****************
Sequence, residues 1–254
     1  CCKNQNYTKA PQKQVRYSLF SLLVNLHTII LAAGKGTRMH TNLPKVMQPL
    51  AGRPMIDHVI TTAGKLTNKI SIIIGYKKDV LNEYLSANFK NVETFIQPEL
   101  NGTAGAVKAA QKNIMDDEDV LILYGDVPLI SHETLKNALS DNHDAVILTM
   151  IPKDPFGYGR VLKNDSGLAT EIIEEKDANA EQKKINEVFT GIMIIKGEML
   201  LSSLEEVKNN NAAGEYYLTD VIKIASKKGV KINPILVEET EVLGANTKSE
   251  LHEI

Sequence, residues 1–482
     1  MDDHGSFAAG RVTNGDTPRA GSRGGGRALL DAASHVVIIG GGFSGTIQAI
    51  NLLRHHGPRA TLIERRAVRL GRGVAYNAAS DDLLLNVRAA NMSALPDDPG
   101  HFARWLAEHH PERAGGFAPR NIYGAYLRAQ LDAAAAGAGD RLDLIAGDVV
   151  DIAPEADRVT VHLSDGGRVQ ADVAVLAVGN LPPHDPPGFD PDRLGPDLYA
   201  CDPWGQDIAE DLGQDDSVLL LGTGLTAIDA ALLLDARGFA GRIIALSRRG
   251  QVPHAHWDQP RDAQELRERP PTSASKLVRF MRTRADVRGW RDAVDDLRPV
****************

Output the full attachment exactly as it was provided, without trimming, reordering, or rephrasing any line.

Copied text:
Sequence, residues 1–254
     1  CCKNQNYTKA PQKQVRYSLF SLLVNLHTII LAAGKGTRMH TNLPKVMQPL
    51  AGRPMIDHVI TTAGKLTNKI SIIIGYKKDV LNEYLSANFK NVETFIQPEL
   101  NGTAGAVKAA QKNIMDDEDV LILYGDVPLI SHETLKNALS DNHDAVILTM
   151  IPKDPFGYGR VLKNDSGLAT EIIEEKDANA EQKKINEVFT GIMIIKGEML
   201  LSSLEEVKNN NAAGEYYLTD VIKIASKKGV KINPILVEET EVLGANTKSE
   251  LHEI

Sequence, residues 1–482
     1  MDDHGSFAAG RVTNGDTPRA GSRGGGRALL DAASHVVIIG GGFSGTIQAI
    51  NLLRHHGPRA TLIERRAVRL GRGVAYNAAS DDLLLNVRAA NMSALPDDPG
   101  HFARWLAEHH PERAGGFAPR NIYGAYLRAQ LDAAAAGAGD RLDLIAGDVV
   151  DIAPEADRVT VHLSDGGRVQ ADVAVLAVGN LPPHDPPGFD PDRLGPDLYA
   201  CDPWGQDIAE DLGQDDSVLL LGTGLTAIDA ALLLDARGFA GRIIALSRRG
   251  QVPHAHWDQP RDAQELRERP PTSASKLVRF MRTRADVRGW RDAVDDLRPV